Goin’ Dark

July 10, 2007 at 10:13 pm (Family)

After years of being a blonde, whether genetically or artificially, Nanner will be going back to her roots.

It goes as thus, before birthing Nate, I was as blonde as I am now, just naturally. After having Nate, within hours, my hair darkened four or five shades. It lightened again but never again achieved the blonde I had been before. For several years I let it be and then around 2001, I started coloring it. Being dark after being blonde just felt and looked unnatural.

Even though I had been blonde into my mid-twenties, my eyebrows had darkened considerably earlier, enough that an old beau commented that it was that contrast which had drawn him to me.

Two things have happened recently that have encouraged me to “return to my roots.” One is the fact that my hair continues to darken as I age. Keeping the darkness under wraps is beginning to look heinous. The contrast is becoming too distinct to ignore any longer.

The second reason is a book called, “The Melungeons – The Resurrection of a Proud People: An Untold Story of Ethnic Cleansing of America” by N. Brent Kennedy. Mr. Kennedy and I are cousins more than a few times over and he specifically mentions my branch of the Mullins family in his book.

After a recent genealogical find, Melungeon history has become even more prevalent in my ethnic melting pot. Based on this new and exciting genealogical find, I can now lay claim to 17 different Melungeon surnames in my family tree, right along with the claims of “Indian princesses,” Cherokee blood, and ancestors with dark hair, dark eyes or striking blue/green eyes, and olive skin who moved more than U-Haul.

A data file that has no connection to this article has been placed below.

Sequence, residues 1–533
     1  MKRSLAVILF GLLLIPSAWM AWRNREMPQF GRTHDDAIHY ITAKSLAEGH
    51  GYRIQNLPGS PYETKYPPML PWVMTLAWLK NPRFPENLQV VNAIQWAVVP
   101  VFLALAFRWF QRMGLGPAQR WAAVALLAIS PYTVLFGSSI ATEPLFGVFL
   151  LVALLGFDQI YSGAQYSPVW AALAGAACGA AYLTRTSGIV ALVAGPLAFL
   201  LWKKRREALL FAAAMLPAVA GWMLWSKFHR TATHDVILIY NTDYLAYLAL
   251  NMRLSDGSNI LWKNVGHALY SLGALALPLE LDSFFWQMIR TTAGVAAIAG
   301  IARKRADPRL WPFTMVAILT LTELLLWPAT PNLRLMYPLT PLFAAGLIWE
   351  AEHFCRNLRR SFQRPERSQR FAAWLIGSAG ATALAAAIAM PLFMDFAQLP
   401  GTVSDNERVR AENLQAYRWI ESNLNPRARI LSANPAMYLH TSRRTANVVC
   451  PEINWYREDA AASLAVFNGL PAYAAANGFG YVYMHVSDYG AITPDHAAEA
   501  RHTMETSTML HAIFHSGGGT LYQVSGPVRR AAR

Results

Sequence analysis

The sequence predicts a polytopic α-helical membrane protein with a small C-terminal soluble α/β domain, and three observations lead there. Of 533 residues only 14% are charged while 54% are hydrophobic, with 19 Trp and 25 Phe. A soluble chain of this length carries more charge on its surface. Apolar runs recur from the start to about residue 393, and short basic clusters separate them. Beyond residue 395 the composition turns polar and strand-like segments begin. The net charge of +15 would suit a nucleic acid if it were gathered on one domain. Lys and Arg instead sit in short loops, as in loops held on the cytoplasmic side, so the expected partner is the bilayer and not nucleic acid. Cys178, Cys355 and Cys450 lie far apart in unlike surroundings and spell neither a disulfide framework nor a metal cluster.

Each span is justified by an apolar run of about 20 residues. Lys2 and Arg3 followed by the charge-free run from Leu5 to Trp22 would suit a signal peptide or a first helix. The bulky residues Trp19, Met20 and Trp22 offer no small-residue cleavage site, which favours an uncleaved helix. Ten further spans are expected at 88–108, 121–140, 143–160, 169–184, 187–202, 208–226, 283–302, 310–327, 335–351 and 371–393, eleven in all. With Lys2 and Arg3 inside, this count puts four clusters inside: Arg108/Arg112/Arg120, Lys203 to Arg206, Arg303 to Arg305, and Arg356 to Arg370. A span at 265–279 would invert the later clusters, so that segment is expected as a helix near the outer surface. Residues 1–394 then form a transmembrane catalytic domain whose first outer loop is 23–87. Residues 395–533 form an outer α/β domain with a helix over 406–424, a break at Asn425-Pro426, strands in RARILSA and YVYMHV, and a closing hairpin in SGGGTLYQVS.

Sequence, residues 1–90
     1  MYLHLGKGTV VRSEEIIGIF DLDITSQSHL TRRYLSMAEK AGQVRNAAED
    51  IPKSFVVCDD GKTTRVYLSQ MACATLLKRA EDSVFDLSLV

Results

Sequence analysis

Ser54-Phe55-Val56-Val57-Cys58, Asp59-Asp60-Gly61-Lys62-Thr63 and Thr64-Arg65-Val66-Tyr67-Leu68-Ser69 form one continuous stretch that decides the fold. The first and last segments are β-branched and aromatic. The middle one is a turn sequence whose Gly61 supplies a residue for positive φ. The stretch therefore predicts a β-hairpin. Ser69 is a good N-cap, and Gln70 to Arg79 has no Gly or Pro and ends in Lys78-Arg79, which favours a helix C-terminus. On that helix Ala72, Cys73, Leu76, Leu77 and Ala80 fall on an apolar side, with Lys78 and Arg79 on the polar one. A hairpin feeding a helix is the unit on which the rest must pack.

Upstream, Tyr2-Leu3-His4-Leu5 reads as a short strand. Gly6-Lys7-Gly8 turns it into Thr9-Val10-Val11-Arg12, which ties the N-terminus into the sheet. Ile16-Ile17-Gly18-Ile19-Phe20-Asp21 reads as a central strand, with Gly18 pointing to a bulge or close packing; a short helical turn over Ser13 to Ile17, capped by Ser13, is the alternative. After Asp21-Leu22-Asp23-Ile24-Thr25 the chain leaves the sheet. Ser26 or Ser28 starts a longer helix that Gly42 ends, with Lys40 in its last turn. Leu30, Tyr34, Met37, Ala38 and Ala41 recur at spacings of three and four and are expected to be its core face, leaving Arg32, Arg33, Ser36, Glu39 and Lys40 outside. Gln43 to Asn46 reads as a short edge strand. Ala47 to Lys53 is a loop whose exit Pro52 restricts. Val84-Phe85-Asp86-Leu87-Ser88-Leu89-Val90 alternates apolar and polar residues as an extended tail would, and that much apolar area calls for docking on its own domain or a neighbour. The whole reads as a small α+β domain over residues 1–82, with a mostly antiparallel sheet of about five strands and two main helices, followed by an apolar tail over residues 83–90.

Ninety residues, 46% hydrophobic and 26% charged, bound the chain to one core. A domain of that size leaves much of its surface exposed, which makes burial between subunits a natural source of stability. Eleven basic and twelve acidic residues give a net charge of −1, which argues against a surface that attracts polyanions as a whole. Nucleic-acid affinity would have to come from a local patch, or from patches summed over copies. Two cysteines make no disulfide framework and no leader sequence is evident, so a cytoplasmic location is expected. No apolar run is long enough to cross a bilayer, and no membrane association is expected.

The stories that Mr. Kennedy related in his book resonated with me. Genetic testing showed “an undeniable link between the Melungeon people and the Mediterranean.” And “among those populations showing no significant differences from the Melungeons were population groups in the Galician area of Spain and Portugal, the Canary Islands, Italy, North Africa, Malta, Turkey, and Cyprus.” Mr. Kennedy related in his book about his trip to Turkey and how similar he found their culture, from textiles to the foods they eat, even grits ya’ll.

It is a fascinating study of American history between the 1400’s, the settlement at Jamestown, and beyond, of the influx of a different type of immigrant, and how many could have came to our shores with English and French surnames but were not “white.” Even if you don’t have Melungeon blood, it tells another story of America that has been conveniently left out of textbooks and may even assist you in your own genealogical research.

I honestly have no idea what my natural hair color is, but I’ll start with a light brown and see what happens. After all my ancestors endured, the least I can do is go back to my roots, and go dark.


  1. KtP said,

    Excellent post, Nanner pie.

  2. kenju said,

    Nanner, I read another blogger who is Melungeon. Check her out here:


    I went gray this year and it was the best thing I’ve done in a long time. I’m FREE! Whee. It saves time and money and aggravation! I bet you’ll love it eventually.

  3. Juan Morales said,

    Look around. I’ll bet you can find hints as to what your actual hair color might be.